Recurrent Marketing Decisions: Decision Complexity, Decision Focus, and Firm Performance
In this paper we examine the nature of the decision-making process for recurrent marketing decisions and its effects on firm performance. A conceptual model of recurrent decision-making in a competitive environment is developed and used as a framework for analyzing 96 tactical decisions made by 35 management groups in the last three periods of a management simulation. The decisions were based entirely on a set of decision rules developed by the management groups. The decision rules were coded for whether they were internally or externally focused and how complex their decision process was. These two factors were then used to predict firm performance. There are a number of important results. The greater the uncertainty in the link between a decision variable and its outcome, i) the more likely managers are to prespecify the value of the decision variable rather than construct a decision rule, ii) the less complex the decision rules that are constructed, and iii) the greater the proportion of internally-focused decision rules. In addition, the focus of a decision rule, but not the complexity of the process -independent of the focus - is positively related to performance with firms that focus on both internal and external factors doing best.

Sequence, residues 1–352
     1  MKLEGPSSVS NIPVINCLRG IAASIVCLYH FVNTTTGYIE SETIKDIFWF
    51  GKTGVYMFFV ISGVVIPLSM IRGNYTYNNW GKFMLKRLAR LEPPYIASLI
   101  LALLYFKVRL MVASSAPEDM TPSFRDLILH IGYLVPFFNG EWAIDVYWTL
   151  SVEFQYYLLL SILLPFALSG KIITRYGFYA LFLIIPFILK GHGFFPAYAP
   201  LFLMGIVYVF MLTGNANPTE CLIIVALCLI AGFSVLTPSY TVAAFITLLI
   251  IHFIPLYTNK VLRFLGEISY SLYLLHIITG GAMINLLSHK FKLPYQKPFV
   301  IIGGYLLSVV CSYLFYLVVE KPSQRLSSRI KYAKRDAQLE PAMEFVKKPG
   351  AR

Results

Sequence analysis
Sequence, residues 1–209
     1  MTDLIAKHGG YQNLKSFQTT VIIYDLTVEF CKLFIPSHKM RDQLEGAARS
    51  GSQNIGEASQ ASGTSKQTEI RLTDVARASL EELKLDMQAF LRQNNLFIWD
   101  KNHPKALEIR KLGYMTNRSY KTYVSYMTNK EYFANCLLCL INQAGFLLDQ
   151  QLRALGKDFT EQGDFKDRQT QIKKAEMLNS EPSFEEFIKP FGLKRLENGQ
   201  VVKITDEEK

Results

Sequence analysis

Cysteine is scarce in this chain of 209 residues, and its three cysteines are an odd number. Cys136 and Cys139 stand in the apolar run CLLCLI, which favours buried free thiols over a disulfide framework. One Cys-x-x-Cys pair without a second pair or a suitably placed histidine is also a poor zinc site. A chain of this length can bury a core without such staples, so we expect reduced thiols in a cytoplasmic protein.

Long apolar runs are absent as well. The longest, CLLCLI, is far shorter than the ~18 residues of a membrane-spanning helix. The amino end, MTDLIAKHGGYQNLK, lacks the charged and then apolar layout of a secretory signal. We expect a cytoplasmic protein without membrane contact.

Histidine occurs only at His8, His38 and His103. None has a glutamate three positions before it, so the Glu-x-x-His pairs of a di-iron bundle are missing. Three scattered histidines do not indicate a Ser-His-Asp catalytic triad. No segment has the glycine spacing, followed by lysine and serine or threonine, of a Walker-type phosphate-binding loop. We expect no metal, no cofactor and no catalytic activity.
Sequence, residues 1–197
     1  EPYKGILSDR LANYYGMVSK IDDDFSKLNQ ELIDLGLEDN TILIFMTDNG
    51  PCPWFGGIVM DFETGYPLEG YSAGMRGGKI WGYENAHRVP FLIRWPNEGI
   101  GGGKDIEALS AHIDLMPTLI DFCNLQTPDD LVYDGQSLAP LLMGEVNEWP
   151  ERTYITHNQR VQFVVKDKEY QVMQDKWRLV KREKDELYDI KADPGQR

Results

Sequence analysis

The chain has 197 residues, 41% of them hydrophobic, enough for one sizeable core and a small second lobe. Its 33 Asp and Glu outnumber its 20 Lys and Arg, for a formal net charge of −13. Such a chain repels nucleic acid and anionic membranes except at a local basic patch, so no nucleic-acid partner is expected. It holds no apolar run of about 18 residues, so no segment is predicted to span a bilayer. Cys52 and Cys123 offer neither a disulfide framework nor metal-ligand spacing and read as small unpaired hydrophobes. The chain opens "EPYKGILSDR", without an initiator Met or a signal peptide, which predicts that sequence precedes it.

Ross, WT; Moore, MC; Staelin, R
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